After washing comes drying. The net-baskets are easy to just lift out of the water and then I usually hang them up for a while to drip off a bit. If I am washing a smaller amount of wool, I often use one of those contraptions meant for spinning water from salad. Then I lay it out to dry, on a wire mesh or on towels on a clothes drying rack. Drying takes time, usually several days. It helps to turn the wool over each day and fluff it up a bit each time. It may seem dry on the surface, but wool has an incredible capacity for retaining moisture.
Finally, you have your washed and dried wool, ready for carding. However, some locks do need to be teased first. This means pulling apart the locks/fibres – and you will probably find even more grass seeds now. The photo shows washed locks, before and after teasing. It´s an extra step in the process, but if the locks are tangled in the tips, teasing really does facilitate the carding.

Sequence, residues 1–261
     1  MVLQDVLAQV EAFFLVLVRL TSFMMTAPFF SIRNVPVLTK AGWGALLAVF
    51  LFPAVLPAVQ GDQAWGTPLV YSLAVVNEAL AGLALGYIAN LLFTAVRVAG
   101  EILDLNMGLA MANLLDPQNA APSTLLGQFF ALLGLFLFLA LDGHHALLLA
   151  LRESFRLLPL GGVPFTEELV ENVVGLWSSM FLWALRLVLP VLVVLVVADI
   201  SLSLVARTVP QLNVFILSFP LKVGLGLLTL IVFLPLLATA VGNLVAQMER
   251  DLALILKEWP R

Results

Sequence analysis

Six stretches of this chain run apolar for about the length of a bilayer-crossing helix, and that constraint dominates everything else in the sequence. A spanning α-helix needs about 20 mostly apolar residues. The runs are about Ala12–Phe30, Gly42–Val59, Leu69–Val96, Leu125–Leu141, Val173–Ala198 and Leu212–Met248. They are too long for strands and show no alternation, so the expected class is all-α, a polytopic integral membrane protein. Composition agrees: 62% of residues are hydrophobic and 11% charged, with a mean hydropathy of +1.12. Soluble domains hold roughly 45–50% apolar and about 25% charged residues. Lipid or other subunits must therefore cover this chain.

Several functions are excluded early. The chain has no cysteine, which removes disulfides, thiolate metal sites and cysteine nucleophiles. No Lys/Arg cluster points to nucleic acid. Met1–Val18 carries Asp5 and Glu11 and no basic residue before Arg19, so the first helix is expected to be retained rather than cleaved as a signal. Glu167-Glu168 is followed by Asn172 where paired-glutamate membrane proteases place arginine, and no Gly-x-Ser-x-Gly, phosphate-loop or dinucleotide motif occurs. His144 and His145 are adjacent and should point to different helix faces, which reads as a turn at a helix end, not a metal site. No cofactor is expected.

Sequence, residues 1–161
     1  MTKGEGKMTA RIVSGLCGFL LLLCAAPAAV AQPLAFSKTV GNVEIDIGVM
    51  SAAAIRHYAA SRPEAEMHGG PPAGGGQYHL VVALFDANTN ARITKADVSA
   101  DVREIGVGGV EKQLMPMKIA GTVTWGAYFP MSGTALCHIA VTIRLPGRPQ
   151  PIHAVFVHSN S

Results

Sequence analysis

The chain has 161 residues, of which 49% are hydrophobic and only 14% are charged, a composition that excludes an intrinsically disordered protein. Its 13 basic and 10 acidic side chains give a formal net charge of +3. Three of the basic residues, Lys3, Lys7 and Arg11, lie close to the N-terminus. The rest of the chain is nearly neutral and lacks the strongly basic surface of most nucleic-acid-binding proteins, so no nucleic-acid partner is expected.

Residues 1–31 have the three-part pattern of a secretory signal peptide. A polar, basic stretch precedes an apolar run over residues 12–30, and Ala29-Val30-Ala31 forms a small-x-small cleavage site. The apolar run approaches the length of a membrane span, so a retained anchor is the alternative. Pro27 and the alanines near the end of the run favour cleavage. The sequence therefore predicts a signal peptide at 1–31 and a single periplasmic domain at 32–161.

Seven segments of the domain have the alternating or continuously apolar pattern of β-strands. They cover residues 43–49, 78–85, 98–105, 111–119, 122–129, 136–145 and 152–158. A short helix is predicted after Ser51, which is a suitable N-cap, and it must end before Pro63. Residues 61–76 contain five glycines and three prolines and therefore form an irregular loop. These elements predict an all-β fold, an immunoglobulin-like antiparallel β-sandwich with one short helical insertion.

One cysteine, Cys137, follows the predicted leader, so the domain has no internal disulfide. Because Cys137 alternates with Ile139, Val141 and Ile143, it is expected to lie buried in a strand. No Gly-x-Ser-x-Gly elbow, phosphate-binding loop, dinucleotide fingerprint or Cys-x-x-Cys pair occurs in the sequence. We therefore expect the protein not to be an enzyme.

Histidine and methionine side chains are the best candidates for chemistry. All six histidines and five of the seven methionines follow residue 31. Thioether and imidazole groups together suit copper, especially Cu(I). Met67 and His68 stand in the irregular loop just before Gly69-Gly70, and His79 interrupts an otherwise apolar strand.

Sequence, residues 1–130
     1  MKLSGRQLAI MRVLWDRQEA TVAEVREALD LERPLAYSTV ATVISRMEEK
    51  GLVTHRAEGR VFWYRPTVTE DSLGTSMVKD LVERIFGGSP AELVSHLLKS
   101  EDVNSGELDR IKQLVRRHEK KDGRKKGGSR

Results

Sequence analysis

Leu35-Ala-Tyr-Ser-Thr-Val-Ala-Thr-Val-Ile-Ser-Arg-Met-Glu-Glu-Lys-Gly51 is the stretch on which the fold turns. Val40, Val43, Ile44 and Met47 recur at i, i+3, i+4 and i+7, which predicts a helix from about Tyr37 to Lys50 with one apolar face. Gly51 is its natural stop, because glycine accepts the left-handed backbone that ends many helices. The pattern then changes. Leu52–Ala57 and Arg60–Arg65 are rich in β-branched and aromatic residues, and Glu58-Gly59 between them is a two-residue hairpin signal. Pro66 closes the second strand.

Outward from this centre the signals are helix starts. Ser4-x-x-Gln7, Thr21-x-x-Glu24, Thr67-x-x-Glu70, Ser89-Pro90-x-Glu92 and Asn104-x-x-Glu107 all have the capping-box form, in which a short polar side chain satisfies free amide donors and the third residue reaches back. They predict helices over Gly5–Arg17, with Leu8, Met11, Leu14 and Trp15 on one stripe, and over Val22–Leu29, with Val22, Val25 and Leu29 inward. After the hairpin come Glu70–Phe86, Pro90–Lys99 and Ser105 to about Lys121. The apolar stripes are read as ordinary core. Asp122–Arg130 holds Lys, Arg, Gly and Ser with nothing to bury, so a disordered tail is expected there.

I own a drum-carder, which really does save time compared to using hand-carders. The wool is feed in under the small drum, which in turn feeds it onto the larger drum, as you turn the handle. After two or three runs through the drum-carder, you can finally lift off a batt of lovely, fluffy, carded wool. Then you can start felting!
It does take a lot of time and effort, and I do swear about grass seeds through the whole process, but each step also has its own charm. I often find it very relaxing to sort, tease and card wool. It provides an opportunity to really feel and look at the locks – and to plan what to do with them. And at the end of the day, when I look at my washed locks and carded batts of wool, I feel really wealthy. Perhaps, in part, because I know how much time and effort has been invested into those locks and batts of wool.
Thank you Zara for such a wonderful tutorial with exceptional pictures to show us the whole process from fleece to wool batts!